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May 12, 1971: CRS happy with Post Office plans

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June 30, 2017

Plans for a new Post Office for Shepparton have been made public. This building is to be of three storeys construction with provision for five floors. It will cost $1.3 million.

Shepparton city councillors on Monday were unanimous in describing the Commonwealth Department of Works designs as “magnificent”.

Council wants the plans approved by Parliament immediately and “hopes that finance is made available to enable a prompt commencement” in building.

The plans show a modern brick, glass and concrete office block occupying virtually the entire frontages of the Post Office land at the corner of Wyndham and Fraser Sts.

Frontage to Fraser St is about 115 ft and to Wyndham St about 140 ft.

Cr John Gerrard told council on Monday the plans represented a very special effort on the part of the PMG.

The building had a magnificent colonnade which would enhance the appearance of the city.

The structure was to be the communications centre for the whole of the Goulburn Valley.

“This is a magnificent type of structure,” Cr Gerrard said.

“There have been discussions from time to time about the existing Post Office and I think it fair to say a minority group has been battling for the old building, regardless of the real need for more suitable accommodation.

“I find it interesting to note that the old Post Office has been listed under the National trust classification of ‘D’ – although the listing starts with an ‘A’.

“The other building’s loss will be so far compensated by the new one the idea is really not worth considering,” Cr Gerrard said.

Cr Murray Slee agreed: “I believe that this new building will be of truly classical significance, so that in 100 years time it could well justify an ‘A’”.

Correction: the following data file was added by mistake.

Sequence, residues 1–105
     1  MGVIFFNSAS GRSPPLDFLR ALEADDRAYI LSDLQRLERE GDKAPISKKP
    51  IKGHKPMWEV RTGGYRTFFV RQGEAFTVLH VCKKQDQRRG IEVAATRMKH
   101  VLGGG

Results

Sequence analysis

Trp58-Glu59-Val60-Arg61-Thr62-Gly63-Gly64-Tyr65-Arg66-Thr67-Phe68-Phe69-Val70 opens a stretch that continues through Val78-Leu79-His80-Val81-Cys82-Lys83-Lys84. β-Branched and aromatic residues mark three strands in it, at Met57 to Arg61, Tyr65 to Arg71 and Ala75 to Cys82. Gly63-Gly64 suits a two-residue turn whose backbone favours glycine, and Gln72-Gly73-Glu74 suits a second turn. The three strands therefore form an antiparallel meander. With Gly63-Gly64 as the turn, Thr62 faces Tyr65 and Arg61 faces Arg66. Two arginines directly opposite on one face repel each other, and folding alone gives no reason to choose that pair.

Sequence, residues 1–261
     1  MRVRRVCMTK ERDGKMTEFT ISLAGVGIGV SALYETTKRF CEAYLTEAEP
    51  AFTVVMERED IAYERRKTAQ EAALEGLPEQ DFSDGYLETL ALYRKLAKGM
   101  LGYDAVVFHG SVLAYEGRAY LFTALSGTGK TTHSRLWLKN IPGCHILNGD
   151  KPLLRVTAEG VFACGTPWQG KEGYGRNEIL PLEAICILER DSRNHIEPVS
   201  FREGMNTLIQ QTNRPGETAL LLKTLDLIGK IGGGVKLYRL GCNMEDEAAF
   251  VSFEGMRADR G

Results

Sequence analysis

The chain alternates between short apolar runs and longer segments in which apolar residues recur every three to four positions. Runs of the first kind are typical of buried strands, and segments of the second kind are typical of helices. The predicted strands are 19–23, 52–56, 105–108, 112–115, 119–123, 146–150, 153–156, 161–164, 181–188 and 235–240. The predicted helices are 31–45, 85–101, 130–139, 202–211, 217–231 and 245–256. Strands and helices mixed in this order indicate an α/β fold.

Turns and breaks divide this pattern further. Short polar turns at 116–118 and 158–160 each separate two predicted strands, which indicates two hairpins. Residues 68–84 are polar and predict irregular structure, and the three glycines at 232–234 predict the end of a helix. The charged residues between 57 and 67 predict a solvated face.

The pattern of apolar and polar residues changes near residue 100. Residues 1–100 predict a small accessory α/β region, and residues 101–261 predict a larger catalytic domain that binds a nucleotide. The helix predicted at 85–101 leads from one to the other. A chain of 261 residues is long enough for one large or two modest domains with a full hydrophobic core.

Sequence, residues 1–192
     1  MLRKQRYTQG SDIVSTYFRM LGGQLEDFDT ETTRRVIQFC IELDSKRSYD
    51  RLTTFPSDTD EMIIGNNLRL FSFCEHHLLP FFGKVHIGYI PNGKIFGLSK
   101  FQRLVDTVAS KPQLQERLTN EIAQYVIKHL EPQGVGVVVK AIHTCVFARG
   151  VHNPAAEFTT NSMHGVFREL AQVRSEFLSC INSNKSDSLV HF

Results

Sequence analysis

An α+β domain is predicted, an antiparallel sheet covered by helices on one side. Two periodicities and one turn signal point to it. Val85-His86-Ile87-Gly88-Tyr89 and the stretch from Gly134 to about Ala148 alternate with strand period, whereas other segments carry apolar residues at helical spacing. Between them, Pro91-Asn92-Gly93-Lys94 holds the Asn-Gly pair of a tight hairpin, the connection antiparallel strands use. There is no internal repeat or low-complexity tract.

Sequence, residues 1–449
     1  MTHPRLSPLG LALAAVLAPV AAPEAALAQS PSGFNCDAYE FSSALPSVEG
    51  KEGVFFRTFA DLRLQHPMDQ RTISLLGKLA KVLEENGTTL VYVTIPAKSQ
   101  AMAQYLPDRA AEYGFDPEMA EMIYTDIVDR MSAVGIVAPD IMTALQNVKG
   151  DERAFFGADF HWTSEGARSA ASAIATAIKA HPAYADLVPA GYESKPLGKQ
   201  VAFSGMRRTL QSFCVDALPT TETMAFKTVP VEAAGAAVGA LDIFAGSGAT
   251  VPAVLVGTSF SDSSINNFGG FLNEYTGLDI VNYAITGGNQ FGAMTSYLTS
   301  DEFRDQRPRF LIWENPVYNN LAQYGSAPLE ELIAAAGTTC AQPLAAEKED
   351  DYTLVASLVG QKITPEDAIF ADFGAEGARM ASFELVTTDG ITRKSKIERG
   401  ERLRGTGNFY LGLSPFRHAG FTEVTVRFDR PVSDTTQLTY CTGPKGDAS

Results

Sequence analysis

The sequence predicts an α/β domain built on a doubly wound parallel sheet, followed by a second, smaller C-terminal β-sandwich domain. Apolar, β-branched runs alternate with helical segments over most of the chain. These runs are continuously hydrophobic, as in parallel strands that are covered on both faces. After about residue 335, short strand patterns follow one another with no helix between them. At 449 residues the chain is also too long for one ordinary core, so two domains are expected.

Cr J. C. Stewart said no-one looking at the plans of the new Post Office could fault it.

“It is a building which will not date,” he said. He said the only thing missing from the plan was any reference to a cantilever clock which had been promised.

The Mayor, Cr Duncan Coates, said he believed the plan would be a further stage in Shepparton’s forward development.

“It is quite magnificent, no doubt about it, and I am sure will serve the public for many years to come,” he said.

On the motion of Cr Slee it was agreed that Shepparton Historical Society should be advised that the plan was available for inspection at Shepparton Civic Centre and further, that the PMG was prepared to co-operate in making the old Post Office clock and tower materials available to the society.

This was so the Society could re-erect the clock tower on another site if it wished to do so.

Shepparton’s old Post Office foundation stone was laid in 1882 and the building finished in 1883.

The National Trust Newsletter this month draws attention to a letter published in the News in 1966 advocating retention of the old building.

The Trust writer comments: “The National Trust has been striving, virtually ever since that time, to save this building, so important both to Shepparton and the people of Victoria.

“Time and again, we have been told by the Post Office that it is necessary for it to go so that more modern facilities can be built.”

Following reference to the absence of public information on proposed plans the writer added:

“All along Shepparton Historical Society has been to the forefront of the struggle to preserve this building, and the Trust can heartily endorse the statement it made to the former Prime Minister Mr Gorton in this connection.

“We believe due recognition has not been taken of the fact this is the only prestige historical building in this city, and with a completely fresh approach to design based on this latter premise, the massive, sound structure, and the spacious area upon which it stand CAN be used to house modern equipment.” 

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